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Robert has been a professional software developer since 2001. He has worked in the education, telematics, and payment network industries. He currently lives and works in Des Moines, IA. Robert has posted 8 posts at DZone. You can read more from them at their website. View Full User Profile

Some Thoughts on Pair Programming

08.28.2013
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Two programmers, one computer. To management, it sounds like waste. To Agile mentors, it sounds like the answer. What does it sound like to developers? The answer (as with most things) is “depends”.

I have only been pair programming for a little over a year. Prior to that, the majority of my career has been spent alone in a cube or office.
Pair of Pears
In 2001 when I started in my first job, we did something like pair programming. Obviously, it was not called that at the time. It also did not look like today’s pair programming. It consisted of me sitting next to a more senior developer while he or she wrote code. I would help dictate requirements and help transpose. It was still two eyes on one screen. This style of work helped me to learn the system, but it didn’t really help me learn to program.

Fast-forward to today. I am in a position that pairs 100 percent of the time. We switch pairs after every two-week iteration. One developer usually takes the keyboard in the morning, and the other takes over in the afternoon. We sit at large tables with a single monitor between us. We each have our own laptops and simply switch the video cable for the monitor. This allows us to set up our own computer to suit our unique needs (plugins, keybindings, etc.). It also allows us the ability to turn away and check emails or text messages on occasion.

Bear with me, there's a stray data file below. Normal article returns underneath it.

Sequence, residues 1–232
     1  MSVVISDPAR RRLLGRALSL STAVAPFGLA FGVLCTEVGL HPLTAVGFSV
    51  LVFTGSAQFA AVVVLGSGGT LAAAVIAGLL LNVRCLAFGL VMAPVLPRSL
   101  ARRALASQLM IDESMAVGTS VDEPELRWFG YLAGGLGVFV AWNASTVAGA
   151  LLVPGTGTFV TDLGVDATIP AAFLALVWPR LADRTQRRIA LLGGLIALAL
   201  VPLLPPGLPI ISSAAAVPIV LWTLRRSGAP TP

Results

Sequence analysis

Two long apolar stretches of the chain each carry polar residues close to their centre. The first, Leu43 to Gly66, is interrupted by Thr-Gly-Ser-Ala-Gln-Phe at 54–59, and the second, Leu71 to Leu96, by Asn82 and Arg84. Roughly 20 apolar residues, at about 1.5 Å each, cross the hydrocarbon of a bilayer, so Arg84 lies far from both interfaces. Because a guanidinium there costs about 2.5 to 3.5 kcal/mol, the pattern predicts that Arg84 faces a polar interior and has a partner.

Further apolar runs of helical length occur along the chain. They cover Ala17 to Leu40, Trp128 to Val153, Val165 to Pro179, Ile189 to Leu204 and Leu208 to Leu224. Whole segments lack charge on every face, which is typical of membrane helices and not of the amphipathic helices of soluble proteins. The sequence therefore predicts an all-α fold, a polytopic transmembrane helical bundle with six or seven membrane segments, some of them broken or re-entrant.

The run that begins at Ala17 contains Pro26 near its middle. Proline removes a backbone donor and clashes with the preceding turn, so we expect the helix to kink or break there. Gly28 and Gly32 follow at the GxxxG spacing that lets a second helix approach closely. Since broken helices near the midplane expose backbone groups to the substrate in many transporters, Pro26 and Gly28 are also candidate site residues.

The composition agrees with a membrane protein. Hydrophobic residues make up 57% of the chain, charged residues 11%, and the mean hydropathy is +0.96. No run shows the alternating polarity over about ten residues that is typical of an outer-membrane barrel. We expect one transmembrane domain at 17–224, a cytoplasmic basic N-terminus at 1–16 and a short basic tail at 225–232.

After working in this environment, I have seen how well it works to get new hires integrated with the software. I have seen how it helps fresh graduates start learning the “right way”[1]. I think about all of the missed opportunities from my past career with regret.

In addition to the two benefits described above, it is also beneficial on new features or working around critical components. Two sets of eyes are better than one.

However, pair programming is not a silver bullet. I feel that it doesn't work for every company or situation. Production support is one such situation. Oftentimes, tracking down bugs is a hunting mission. Lots of different paths have to be explored to find the bug. Pairing will only get in the way there.

Simple feature enhancements usually do not require a pair. These features are fairly simple and straight-forward. They do not touch critical components. Pairing on these types of features is a waste of time.

In conclusion, I am not advocating NOT pair programming. I advocate the use of it in the correct situations and not just simply applied as a constant practice. I highly recommend doing pull requests prior to integrating any code into the main branch. This will allow a second set of eyes to review code. I also highly recommend writing tests. In my opinion, these add up to more quality than 100 percent pair programming.

[1] Obviously, there is no one “right way” for everything. But there is usually a lot of predisposed teaching that needs to be undone to most fresh graduates.




Published at DZone with permission of its author, Robert Greathouse. (source)

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